Aurora History

History of Our Lodge

Aurora Lodge officially came into this world on 24th March 1920. Twenty members of Coronation Lodge No. 2922, formed the new organisation. Whatever the optimum size of a Masonic Lodge might be, Coronation had well exceeded it and was embarrassed in having to turn away suitable candidates and worse, losing members through not having enough positions to adequately employ and advance the junior brethren.

Aurora, the dawn, is a symbol of hope, and never more so than in the wake of the “war to end wars”. Indeed, the lodge crest originally featured a broken field gun, which still appears on the Masters’ jewel. This must have been an energetic hope, for, in the first year, the lodge initiated eighteen candidates, and admitted five more joining brethren.

Our first Master was Jose Rickard, aged seventy-two, and previously Master of Philanthropic Lodge in 1888, and Coronation in 1902, the year of its own founding. The above figures show that he tackled his new task with the zest of a man half his age. A master of Masonic Ritual, he also bequeathed to us our ceremonies, still in the Lodge archives in our first master’s copper-plate handwriting.

These ceremonies we have from our Grandmother, Philanthropic Lodge No 304, and were most likely inherited from the enigmatic Grand Lodge of All England, as the old lodge at York called itself before its disappearance in 1792. They were re-written by Rev. Adolphus Woodford, Rector of Swillington Church, and Master of Philanthropic Lodge in 1858 and 1859, probably to reflect the current practice of the United Grand Lodge of England, while retaining the character of our ancient rite. A respected author and scholar of Freemasonry, Woodford became Grand Chaplain in 1863, and was a founder of Quatuor Coronati, English Freemasonry’s premier research lodge, giving the oration at its consecration in 1886, and acting as Immediate Past Master for its first two years, which saw him frequently standing in as Master of the Lodge. Also in 1886, he passed to William Wynn Westcott the coded manuscripts that would lead to the foundation of the “Hermetic Order of the Golden Dawn”, although he did not live to see its first lodge open.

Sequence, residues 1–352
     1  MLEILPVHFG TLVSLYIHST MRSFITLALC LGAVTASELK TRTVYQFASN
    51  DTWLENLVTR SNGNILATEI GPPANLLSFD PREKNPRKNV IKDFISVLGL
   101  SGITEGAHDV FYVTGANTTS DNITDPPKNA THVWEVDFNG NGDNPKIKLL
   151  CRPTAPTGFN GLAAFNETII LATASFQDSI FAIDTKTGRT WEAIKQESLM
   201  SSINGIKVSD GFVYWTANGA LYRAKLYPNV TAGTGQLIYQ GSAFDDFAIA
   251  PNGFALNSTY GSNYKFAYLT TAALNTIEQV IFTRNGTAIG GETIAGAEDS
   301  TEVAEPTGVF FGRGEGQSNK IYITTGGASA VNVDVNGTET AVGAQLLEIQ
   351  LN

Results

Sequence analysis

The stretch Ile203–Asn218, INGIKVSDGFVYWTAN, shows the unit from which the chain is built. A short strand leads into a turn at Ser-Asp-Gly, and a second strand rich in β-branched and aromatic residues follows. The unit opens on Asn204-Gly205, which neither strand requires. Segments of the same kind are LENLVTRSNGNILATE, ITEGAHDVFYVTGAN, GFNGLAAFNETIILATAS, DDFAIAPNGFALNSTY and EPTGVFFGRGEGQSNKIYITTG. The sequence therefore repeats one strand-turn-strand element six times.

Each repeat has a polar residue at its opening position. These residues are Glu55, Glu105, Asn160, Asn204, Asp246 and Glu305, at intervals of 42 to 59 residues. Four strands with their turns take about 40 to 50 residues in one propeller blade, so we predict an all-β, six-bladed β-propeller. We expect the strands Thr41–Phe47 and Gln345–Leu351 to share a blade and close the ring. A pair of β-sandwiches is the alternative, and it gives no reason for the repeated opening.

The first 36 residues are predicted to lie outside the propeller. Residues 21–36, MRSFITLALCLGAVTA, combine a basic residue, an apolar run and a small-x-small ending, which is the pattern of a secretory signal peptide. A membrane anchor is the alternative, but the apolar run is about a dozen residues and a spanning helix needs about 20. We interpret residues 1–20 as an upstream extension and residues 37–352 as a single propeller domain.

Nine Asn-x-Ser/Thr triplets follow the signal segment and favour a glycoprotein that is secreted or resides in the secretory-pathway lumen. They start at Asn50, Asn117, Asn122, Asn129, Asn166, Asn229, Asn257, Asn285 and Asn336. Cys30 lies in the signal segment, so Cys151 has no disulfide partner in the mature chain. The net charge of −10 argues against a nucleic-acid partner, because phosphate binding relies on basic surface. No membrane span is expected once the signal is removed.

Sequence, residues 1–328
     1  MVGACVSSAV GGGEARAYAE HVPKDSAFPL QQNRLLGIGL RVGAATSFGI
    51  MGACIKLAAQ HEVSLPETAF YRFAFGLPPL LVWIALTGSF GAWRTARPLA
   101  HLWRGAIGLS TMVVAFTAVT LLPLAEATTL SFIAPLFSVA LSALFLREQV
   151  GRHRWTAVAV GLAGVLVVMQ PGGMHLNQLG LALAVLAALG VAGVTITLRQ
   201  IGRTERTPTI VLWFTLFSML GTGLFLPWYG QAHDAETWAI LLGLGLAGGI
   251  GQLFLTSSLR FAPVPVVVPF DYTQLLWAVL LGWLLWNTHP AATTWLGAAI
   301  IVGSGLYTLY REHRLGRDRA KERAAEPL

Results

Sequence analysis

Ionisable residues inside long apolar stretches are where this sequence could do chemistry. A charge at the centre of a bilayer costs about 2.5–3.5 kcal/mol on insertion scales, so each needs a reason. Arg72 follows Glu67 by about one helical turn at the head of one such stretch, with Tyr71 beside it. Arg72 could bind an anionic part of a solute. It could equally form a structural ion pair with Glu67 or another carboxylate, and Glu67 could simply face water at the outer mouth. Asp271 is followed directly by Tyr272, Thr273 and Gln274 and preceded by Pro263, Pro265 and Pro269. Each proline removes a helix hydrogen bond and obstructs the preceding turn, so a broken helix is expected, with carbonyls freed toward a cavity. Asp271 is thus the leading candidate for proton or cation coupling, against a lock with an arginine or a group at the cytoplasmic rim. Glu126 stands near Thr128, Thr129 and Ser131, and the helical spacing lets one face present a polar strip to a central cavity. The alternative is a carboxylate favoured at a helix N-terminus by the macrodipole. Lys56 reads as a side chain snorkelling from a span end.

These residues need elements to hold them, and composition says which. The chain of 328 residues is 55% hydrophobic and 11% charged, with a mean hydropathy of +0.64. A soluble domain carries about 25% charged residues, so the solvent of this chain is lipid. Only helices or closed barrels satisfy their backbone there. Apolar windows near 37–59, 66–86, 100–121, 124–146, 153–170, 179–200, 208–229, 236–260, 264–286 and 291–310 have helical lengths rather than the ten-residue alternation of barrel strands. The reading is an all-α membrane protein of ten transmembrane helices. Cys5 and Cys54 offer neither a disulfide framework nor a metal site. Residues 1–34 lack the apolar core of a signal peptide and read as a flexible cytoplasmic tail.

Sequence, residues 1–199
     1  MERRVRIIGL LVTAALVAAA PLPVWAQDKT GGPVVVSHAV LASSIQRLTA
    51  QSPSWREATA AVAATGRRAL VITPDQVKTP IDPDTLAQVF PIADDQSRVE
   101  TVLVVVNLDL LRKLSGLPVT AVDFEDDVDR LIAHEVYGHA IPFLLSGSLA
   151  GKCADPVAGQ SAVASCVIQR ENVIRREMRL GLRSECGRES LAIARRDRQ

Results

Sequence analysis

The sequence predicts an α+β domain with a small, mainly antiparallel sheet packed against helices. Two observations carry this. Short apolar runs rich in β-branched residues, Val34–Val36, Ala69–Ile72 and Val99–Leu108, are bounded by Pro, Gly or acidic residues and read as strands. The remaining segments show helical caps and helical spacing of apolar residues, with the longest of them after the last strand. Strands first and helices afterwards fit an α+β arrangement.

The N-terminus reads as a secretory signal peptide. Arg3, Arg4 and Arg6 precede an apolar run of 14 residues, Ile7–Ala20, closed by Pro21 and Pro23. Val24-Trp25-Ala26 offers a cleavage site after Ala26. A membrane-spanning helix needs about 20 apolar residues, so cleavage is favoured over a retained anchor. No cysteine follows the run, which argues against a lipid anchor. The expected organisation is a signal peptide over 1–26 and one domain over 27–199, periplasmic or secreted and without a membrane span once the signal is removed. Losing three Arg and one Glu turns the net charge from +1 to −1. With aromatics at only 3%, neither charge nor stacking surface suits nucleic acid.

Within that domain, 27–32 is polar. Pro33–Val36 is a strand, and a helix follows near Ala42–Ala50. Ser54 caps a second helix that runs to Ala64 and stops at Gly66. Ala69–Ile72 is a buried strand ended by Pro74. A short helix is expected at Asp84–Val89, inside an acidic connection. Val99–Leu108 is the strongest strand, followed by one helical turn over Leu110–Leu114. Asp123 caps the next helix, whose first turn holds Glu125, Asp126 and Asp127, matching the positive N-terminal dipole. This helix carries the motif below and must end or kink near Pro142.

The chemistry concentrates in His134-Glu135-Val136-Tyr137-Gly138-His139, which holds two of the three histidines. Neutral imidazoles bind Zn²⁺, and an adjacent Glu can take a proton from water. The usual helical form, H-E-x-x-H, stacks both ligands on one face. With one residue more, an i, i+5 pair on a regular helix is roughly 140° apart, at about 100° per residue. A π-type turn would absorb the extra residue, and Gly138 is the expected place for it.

For nearly a century our lodge has continued as a lively and flourishing corner of Masonry. In 1932, the Lord Mayor of Leeds was initiated, Alderman Fred Brown Simpson. In the next year, a victim of its own success, Aurora spun off the Lodge of the Morning Star as a daughter lodge. Links with both Mother and Daughter Lodges are still strong.

As another war came and went, interest in Freemasonry continued unabated. Indeed, in the 1960s serious consideration was given to forming another daughter lodge. However, since that time interest in the craft has seriously declined. Aurora’s membership remains at a little over half its level in the 1950s, which makes for a compact, friendly unit, with junior brethren quickly finding active roles within the lodge if they feel inclined to do so.

Aurora has moved twice in its life, firstly in 1969 from Great George Street to the Mansion in Roundhay Park, then in 1981 to our current home at Castle Grove, Headingley.

We have inherited the Reverend Woodford’s “York Ritual”, which we share with a very small family of lodges, and if this occasionally wrong-foots our visitors, we trust that our sincerity and the hospitality of our table will make up for it. Our own Masters’ song is still sung at every festive board. If we are a flourishing lodge, it is our love of the craft and of each other that makes it so, and a readiness to welcome honest inquirers into Freemasonry.